The news that building and civils contractor Probuild Construction Group was granted a Business Rescue order on 31st May 2019 comes as yet another blow for the beleaguered construction sector, says Mohau Mphomela, Executive Director, Master Builders Association North.
Probuild Construction Group is being placed in business rescue, with the Board of Directors resolving at a meeting that the company is financially distressed and it is unlikely that the company will be able to pay all of its debts. Facing various pending summonses and three pending liquidation applications, Probuild owes various subcontractors, suppliers and SARS over R65 million. The company has cited cash flow difficulties due to a combination of factors – including non-payment for work completed and developers calling up guarantees before the dispute resolution process as per the Joint Building Contract Committee (JBCC) has played out.
Philip Buck, Director at Probuild says, “The JBCC Contract in its present format facilitates the easy calling up of demand guarantees prior to resolution of pending disputes and is destroying many iconic businesses in the construction industry, that being main contractors and sub-contractors at all levels.”
The latest blow follows the likes of Basil Read, Liviero Group, Esor Construction being placed in business rescue and Group 5 and LBC Lenco Construction applying for debt-freezing agreements over the past year. Lenco Construction has since been liquidated.
Mphomela said, “While many see recent events as a sign that the industry may be correcting itself, the sector is currently in a perilous position, with major firms in trouble having a devastating ripple effect on employees and the supply chain. Hundreds of suppliers and sub-contractors can be severely impacted by a major construction company going into business rescue, because smaller contractors do not have the cash reserves to wait for a resolution.”
Professionals dictate a price for project delivery whether viable or not to main contractors. The main contractors are then compelled to take the project out of fear of being excluded from future work and to stay in business. Sub-contractors are typically drawn in and managed by main contractors in high value projects, with the government or private sector client paying the main contractor, who then pays smaller contractors. “However, with professionals dictating prices and therefore, main contractors having a tight budget, all other trades and suppliers along the value chain will operate with very tight margins. We continue to see an increasing trend for government and contractors not to adhere to payment terms,” he said.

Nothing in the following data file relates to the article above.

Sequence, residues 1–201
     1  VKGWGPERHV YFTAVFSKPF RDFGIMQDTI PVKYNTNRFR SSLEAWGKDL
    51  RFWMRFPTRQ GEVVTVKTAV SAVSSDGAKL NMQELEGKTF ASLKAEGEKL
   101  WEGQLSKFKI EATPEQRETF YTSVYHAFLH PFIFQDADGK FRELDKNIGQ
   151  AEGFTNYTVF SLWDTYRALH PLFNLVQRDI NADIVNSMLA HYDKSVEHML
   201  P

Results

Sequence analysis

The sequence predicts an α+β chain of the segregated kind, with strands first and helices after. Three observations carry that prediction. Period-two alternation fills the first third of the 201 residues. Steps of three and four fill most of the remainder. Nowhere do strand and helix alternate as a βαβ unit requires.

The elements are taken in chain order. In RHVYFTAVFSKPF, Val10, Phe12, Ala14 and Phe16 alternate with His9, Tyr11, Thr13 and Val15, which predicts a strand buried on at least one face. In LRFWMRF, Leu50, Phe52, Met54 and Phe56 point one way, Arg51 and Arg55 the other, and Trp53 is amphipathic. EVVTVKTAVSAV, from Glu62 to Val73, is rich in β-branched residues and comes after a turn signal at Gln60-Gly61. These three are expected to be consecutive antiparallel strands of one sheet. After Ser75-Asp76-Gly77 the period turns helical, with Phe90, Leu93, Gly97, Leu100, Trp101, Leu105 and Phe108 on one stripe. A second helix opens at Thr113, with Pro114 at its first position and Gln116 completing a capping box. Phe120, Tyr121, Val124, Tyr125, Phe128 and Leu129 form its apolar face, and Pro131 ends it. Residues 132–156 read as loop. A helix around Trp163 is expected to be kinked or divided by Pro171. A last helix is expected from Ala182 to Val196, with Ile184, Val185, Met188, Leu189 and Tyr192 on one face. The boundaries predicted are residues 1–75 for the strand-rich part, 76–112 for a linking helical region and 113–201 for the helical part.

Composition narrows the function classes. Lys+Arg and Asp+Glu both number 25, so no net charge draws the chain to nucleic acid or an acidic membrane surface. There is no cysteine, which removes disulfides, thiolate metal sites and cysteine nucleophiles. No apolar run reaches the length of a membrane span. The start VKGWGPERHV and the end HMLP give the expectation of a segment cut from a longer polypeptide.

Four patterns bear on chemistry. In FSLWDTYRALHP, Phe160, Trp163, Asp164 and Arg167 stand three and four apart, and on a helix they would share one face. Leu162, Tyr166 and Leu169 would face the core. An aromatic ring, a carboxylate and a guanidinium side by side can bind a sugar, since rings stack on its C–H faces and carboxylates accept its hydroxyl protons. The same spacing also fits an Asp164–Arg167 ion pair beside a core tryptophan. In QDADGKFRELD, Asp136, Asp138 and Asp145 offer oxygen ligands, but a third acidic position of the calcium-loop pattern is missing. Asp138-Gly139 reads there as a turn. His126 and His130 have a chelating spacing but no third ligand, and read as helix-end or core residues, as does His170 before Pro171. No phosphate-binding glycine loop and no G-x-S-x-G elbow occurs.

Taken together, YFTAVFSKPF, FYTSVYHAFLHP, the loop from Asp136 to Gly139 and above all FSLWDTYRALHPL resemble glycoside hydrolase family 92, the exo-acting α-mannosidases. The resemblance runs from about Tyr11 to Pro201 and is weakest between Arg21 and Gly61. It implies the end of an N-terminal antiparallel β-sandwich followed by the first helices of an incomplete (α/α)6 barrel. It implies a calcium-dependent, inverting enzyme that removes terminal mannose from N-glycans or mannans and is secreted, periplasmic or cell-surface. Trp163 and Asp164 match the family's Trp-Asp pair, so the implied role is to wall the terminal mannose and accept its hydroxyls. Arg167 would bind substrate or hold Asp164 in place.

In the case of business rescue, business rescue agents will prioritise invoices and schedule payments where possible, but sub-contractors who still have unpaid invoices with the contractors in business rescue unfortunately may never see them paid, he said.
The sector has declined for over five consecutive quarters and as a major employer in South Africa, the ailing construction sector also recorded the country’s largest net loss of jobs in the first quarter of this year (142,000), according to StatsSA. “This worrying trend is set to continue as infrastructure projects are delayed and no moves are made to address key challenges in the sector,” Mphomela said.
He explained that MBA North had facilitated a meeting between sub-contractors and main contractors in order to find a solution to the challenges facing the industry. “As a result of the meetings we have found the challenges to include the holding of project retentions that are at times never paid and the amending of standard contracts such as the JBCC and Master Builders Contracts so that conditions such as ‘pay-when-paid’ are included (this is irregular and illegal). Changes to standard industry documents end up putting businesses at risk and have contributed to numerous companies closing down,” he said.
“There are some proposed resolutions that have emerged from these meetings that the Association is currently actioning. We urge construction companies not to operate on the periphery and join the Association in order to grow the Association’s representation of contractors in the region. Main contractors are our members and are similarly not lacking challenges of non-payment themselves. Our aim is to ensure that all contractors are able to operate and that the industry is rescued. For this to happen all stakeholders need to work together, this includes Professional Bodies, Associations and the Government.”
He urged public and private sector to work together to fast-track national infrastructure development programmes and address challenges such as shrinking margins, increased penalties, non-payment or delayed payment by clients, and the emergence of the so-called ‘construction mafia’ – companies or individuals that, under the cover of local business forums, extort money from principal contractors involved in local infrastructure projects in the name of empowerment.